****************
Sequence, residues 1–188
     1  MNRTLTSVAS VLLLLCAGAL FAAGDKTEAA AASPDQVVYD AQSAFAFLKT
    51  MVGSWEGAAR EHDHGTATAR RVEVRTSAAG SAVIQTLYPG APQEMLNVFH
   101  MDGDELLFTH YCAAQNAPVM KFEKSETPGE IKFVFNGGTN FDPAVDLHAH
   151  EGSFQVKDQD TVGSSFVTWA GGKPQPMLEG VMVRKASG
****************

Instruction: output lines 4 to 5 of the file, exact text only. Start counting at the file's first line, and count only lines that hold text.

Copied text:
   101  MDGDELLFTH YCAAQNAPVM KFEKSETPGE IKFVFNGGTN FDPAVDLHAH
   151  EGSFQVKDQD TVGSSFVTWA GGKPQPMLEG VMVRKASG